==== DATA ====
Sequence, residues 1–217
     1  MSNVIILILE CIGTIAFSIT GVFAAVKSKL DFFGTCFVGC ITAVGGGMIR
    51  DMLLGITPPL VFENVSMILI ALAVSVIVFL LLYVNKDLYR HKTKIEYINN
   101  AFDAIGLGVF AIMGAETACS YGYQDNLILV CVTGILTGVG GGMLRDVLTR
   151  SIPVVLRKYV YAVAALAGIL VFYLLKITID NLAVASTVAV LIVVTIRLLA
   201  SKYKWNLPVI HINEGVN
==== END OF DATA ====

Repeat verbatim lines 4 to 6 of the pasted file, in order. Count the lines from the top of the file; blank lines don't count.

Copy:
   101  AFDAIGLGVF AIMGAETACS YGYQDNLILV CVTGILTGVG GGMLRDVLTR
   151  SIPVVLRKYV YAVAALAGIL VFYLLKITID NLAVASTVAV LIVVTIRLLA
   201  SKYKWNLPVI HINEGVN